Verb I hate waiting in long lines. They waited at the train station together. You should have waited a little longer. He showed up right after you left. I don't have time to wait around. If he's not here in five minutes, I'm leaving. She waited behind after class to talk to the professor. I'm sorry to have kept you waiting. How may I help you? I waited and waited but he never showed up. Wait! Don't start the engine yet. We waited for the sun to set before starting the fire. I know she was happy when I lost my job. She was waiting to see me fail. Noun there was a long wait for the manager to come and help us See More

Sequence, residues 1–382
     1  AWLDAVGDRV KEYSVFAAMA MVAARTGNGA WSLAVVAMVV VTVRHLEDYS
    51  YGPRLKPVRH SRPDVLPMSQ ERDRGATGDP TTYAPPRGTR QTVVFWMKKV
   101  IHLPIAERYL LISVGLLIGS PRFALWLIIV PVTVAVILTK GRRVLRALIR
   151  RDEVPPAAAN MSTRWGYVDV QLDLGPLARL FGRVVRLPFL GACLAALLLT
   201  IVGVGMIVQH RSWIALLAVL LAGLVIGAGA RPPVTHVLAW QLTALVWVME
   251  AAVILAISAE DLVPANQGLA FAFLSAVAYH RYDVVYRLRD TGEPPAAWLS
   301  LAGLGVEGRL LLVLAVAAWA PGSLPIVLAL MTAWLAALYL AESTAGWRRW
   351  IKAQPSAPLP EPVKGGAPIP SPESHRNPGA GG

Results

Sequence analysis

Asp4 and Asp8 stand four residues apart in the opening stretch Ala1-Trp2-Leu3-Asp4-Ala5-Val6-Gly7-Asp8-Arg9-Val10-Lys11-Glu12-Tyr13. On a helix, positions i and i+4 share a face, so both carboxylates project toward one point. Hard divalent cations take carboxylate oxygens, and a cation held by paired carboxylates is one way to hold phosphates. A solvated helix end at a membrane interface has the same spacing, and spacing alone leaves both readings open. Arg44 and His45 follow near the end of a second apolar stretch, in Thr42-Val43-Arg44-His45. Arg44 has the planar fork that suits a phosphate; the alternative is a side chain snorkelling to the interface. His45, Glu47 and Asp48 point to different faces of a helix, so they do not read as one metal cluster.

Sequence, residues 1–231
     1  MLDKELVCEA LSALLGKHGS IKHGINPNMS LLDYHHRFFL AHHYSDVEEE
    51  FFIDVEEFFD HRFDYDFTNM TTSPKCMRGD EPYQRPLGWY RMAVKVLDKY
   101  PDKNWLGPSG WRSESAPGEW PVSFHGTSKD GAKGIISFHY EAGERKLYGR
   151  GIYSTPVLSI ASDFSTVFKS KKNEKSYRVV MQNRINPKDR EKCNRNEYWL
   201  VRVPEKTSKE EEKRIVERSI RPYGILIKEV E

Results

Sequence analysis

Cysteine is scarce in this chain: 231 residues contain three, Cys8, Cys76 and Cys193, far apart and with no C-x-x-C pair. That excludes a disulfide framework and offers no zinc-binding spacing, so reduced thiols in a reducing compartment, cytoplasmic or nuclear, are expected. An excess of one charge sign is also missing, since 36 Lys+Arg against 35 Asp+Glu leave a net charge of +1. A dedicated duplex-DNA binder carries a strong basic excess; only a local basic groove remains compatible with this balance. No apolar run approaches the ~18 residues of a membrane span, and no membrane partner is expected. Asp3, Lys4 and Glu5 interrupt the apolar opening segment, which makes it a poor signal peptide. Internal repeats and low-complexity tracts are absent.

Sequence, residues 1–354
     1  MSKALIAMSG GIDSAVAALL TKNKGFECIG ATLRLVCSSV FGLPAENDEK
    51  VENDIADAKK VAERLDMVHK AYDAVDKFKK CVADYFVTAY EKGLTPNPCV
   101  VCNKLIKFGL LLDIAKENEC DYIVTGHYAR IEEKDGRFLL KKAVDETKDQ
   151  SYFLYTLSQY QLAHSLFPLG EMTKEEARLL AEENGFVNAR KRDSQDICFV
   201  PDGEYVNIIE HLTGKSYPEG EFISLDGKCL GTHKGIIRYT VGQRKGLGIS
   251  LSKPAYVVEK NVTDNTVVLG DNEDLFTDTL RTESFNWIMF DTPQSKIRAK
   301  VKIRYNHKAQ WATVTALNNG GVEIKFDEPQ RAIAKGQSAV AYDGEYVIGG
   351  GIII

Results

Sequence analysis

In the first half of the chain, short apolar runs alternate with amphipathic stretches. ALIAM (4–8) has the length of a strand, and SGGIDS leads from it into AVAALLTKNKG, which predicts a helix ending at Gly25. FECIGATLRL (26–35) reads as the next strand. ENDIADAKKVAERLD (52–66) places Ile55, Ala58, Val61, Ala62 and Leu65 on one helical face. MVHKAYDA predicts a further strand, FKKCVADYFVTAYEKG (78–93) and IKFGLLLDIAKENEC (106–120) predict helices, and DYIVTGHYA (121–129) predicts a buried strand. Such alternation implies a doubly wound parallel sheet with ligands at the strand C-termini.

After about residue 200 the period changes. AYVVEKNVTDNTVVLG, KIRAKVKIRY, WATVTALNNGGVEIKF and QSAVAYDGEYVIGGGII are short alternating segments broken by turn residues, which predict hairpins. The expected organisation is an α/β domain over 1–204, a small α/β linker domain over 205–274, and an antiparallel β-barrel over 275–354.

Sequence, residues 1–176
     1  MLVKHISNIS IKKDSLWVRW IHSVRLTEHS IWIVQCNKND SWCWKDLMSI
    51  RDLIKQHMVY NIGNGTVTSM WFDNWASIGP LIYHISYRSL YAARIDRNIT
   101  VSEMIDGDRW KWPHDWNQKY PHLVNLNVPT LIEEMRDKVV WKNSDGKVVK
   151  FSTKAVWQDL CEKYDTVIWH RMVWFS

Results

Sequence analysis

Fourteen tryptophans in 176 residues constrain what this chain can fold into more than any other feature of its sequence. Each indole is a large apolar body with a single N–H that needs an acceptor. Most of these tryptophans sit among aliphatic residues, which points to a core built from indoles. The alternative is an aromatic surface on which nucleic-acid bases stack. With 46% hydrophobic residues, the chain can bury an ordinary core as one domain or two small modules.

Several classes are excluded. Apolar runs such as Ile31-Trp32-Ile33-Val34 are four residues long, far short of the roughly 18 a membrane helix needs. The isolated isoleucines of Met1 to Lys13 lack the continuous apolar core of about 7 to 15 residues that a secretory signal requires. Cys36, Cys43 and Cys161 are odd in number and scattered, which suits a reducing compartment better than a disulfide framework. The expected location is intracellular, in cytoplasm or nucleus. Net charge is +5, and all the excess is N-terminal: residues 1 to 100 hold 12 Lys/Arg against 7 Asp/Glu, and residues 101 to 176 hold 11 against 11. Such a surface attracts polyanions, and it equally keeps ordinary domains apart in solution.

Recent Examples on the Web: Verb McCraw on Tuesday at a Texas Senate hearing accused Arredondo of ordering police to wait for unnecessary equipment and keys to a door that may not have been locked as suspected. Travis Caldwell And Rosa Flores, CNN, 23 June 2022 With law enforcement facing backlash over the decision to wait for around an hour for backup instead of moving on the gunman as the school shooting unfolded, McGraw said the lives of police officers were valued over those of young children that day. Chantal Da Silva, NBC News, 22 June 2022 The Peanuts gang celebrates Halloween, while Linus skips trick-or-treating to wait for the Great Pumpkin. Elizabeth Berry, Woman's Day, 22 June 2022 Property owners under 50 can afford to wait for the next upcycle if the market sees a significant correction. Zenger News, Forbes, 22 June 2022 Rather than rehab the knee and wait for a better draft outcome, Siragusa bet on himself. Nate Atkins, The Indianapolis Star, 22 June 2022 All of the novels are remarkably fast-paced; Hermans, who claimed to have written serious novels disguised as entertainment, clearly doesn’t believe in making the reader wait long for something dramatic to happen. Francine Prose, Harper’s Magazine , 22 June 2022 McCraw has stated that Arredondo was the incident commander at the scene and decided to wait for more firepower, tactical gear, and keys to open the classroom door, even though the door was actually unlocked. Ashley Soriano, Fox News, 22 June 2022 But with the observed Juneteenth holiday Monday, parents may need to wait. Jordan Miller, The Salt Lake Tribune, 15 June 2022 Recent Examples on the Web: Noun Already, clinic closures are leading to long wait lists at open clinics, which has caused some patients to travel far to receive care. New York Times, 15 June 2022 The family can apply for affordable housing programs, but the wait lists are notoriously long. Moving out of the city proved daunting since the family had no car and no job lined up elsewhere and couldn’t easily scrape together moving expenses. Heather Knight, San Francisco Chronicle, 1 June 2022 Wait for names to come up on never ending wait lists. Laura Jaworski, BostonGlobe.com, 31 May 2022 Builders have helped shoppers lock in mortgage-interest rates in recent months, but their wait lists of prospective buyers have been shrinking, Mr. Burns said. Nicole Friedman, WSJ, 24 May 2022 Their followings and client wait lists are scaling up, but many still handle production in apartments, not professional kitchens. Aliza Abarbanel, Bon Appétit, 10 May 2022 More than 100,000 people sit on organ transplant wait lists and many, like Bennett, never qualify at all. Karen Weintraub, USA TODAY, 5 May 2022 For almost a year, long wait lists for electric vehicles have been common, and the war in Ukraine has further disrupted production. Nik Popli, Time, 3 May 2022 Clinicians in private practice told me that their pre-pandemic wait lists had become much longer, in large part because their existing patients weren’t leaving. Judith Warner, Washington Post, 21 Mar. 2022 See More